Spring in Illinois means flowering trees at Morton Arboretum in Lisle, and Information Technology Month. (Photo: Mark Baldwin, Shutterstock)

Land of Lincoln Becomes Land of IT for the Month of April

Illinois Gov. Bruce Rauner has declared April to be Information Technology month in order to bring attention the state’s IT efforts and increase the IT workforce.

Giving technology its own month allows state IT leaders to bring awareness to how they contribute to the government’s inner workings by creating better services for citizens, increasing efficiency, and encouraging transparency, according to Marian Cook, chief strategy officer of the innovation and technology department of Illinois.

“We’re delighted with our profession but we tend not to talk about it much,” Cook said.

The information technology field contributes an estimated 5.3 percent annually to the Illinois economy, according to the Computing Technology Industry Association. The technology industry employs 234,000 people in Illinois on an average salary of $95,062. The availability of technology jobs is expected to increase by more than 30,000 in Illinois by 2025 due to the development of new technologies.

“This is where the world is moving and we should start looking at that,” said Hardik Bhatt, chief digital officer and acting secretary of the department of innovation and technology in Illinois.

Gov. Bruce Rauner. (Photo: Illinois.gov)

Rauner announced the designation of Information Technology Month at the opening of the state’s zero-cost innovation space, which provides an area for state agencies to collaborate, and hold workshops and meetings. The state plans to meet with small businesses, analytics teams, students, and corporate innovators in the new innovation space this month to highlight different aspects of the technology field. The state has planned discussions about the Internet of Things and blockchain.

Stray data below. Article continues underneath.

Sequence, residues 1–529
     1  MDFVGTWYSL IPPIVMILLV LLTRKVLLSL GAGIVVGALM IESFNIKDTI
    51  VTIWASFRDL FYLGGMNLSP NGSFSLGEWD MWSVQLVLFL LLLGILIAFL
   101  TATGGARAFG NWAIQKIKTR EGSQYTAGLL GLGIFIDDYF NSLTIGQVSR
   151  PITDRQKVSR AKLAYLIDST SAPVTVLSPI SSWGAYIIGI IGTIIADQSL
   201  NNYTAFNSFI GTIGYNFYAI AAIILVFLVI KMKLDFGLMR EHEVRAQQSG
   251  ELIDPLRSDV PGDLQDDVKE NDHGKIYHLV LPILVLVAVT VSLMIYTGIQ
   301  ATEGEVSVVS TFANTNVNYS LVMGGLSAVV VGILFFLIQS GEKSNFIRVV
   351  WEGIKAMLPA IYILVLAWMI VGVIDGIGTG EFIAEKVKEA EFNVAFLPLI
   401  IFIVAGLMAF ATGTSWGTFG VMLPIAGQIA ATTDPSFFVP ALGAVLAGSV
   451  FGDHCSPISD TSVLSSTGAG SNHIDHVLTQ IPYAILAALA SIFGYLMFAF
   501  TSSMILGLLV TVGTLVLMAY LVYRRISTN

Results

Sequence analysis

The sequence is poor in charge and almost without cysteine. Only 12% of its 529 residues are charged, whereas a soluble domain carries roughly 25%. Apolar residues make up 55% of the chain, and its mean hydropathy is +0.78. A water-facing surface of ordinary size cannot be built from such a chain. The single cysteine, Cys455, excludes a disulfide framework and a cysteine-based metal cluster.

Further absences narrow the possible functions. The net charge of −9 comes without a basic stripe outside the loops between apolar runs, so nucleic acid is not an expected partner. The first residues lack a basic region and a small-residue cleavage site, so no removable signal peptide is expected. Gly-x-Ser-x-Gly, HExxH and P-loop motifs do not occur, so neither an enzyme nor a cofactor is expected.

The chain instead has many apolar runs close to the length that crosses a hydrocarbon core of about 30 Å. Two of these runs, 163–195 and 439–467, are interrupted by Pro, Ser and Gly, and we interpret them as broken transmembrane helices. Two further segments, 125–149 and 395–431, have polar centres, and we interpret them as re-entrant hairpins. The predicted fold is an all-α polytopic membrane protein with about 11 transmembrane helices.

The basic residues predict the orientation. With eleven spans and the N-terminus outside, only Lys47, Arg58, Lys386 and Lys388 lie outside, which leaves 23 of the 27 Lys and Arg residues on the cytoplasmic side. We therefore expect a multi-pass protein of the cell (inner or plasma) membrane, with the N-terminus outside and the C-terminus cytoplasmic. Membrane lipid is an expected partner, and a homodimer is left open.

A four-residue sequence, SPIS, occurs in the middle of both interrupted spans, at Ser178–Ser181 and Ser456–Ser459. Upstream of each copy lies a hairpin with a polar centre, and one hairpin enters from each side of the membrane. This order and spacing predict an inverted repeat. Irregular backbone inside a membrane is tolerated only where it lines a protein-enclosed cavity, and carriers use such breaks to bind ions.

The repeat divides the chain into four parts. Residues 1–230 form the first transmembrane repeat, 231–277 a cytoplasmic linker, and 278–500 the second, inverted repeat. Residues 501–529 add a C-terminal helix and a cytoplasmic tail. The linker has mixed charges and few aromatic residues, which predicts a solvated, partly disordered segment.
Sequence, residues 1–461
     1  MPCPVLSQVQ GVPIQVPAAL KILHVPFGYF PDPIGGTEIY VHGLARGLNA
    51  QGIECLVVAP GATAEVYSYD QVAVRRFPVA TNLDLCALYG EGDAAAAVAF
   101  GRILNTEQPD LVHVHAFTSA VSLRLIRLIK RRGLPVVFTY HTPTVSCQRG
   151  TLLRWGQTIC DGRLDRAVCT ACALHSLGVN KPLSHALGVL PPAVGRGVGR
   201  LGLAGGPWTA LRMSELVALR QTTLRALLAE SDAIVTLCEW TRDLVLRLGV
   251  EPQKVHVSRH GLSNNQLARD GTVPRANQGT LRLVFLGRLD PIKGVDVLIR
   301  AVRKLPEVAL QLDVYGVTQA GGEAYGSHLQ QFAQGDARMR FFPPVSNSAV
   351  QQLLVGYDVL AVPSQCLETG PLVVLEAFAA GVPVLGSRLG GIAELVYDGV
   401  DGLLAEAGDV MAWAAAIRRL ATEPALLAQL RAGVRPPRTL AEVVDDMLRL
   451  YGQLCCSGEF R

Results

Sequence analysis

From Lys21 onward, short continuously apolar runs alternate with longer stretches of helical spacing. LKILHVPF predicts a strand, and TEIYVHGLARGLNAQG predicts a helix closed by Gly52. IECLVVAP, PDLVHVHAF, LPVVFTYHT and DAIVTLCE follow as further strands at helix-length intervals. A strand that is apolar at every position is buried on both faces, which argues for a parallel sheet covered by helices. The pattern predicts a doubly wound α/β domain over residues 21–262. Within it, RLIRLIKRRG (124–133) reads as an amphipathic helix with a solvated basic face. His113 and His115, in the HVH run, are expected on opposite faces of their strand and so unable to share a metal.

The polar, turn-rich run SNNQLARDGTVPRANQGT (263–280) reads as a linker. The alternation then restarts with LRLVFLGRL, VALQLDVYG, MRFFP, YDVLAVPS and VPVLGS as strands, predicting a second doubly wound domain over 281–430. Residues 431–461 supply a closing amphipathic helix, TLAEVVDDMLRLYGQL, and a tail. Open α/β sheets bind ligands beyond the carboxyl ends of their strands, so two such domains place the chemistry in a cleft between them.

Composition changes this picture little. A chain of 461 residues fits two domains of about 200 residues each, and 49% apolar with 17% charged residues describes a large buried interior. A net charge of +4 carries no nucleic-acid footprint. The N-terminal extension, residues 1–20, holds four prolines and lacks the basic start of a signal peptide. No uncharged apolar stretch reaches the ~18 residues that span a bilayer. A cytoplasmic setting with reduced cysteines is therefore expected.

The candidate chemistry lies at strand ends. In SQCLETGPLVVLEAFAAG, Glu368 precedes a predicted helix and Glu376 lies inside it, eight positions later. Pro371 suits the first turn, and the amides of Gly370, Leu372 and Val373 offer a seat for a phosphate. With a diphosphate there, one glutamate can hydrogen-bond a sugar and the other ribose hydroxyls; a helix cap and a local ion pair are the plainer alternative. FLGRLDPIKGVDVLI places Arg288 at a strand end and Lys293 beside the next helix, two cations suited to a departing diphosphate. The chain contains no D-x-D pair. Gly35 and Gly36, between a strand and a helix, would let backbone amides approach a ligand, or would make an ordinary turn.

“The idea is to highlight and attract people to technology as a career,” said Cook.

The state took an interest in becoming a leading smart state by investing in IoT technologies in 2015. When the state began research into the current level of IoT adoption, they found that 7 percent of the chief information officers that were surveyed had ongoing IoT projects.

All of the chief information officers expressed interest in IoT because of the expected growth in the industry. However, there is still a lack of awareness about the meaning of IoT and how it can contribute to the smart state. Illinois hopes that information technology month will allow more people to learn about the state’s IoT investments.

On April 18, Illinois will host an analytics workshop with experts from private companies, which will showcase how they conduct their data analytics projects.

Illinois’ IT department created a Framework for Mobility, which has enabled the department to create one to two mobile apps for government services each month. This initiative will continue past the month of April to continue the IT momentum.

Illinois residents can find the collection of apps on the Apple store or Google Play under “Illinois First.” The state created the Reality Check app in February, which allows job seekers to search the cost of living and available positions in Illinois cities. The department also created a history preservation app for citizens to browse through Illinois historical sites and donate to specific areas.

The state will also meet with students who are interested in working in technology jobs. Illinois has partnered with the University of Illinois system on cybersecurity and other technology efforts. Bhatt said that he hopes that the state will continue to leverage the talent of technology professors and attract students to work in government IT.

“The momentum has been going for two years now,” Bhatt said. “That’s how we are attracting college students to see how cool working for the government is.”

 

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